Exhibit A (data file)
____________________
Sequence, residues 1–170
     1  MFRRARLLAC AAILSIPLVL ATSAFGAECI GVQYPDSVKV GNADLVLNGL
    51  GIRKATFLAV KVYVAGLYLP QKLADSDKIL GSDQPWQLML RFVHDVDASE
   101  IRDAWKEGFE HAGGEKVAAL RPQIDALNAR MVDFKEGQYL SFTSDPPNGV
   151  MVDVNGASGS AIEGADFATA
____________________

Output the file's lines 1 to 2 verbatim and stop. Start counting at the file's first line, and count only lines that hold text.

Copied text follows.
Sequence, residues 1–170
     1  MFRRARLLAC AAILSIPLVL ATSAFGAECI GVQYPDSVKV GNADLVLNGL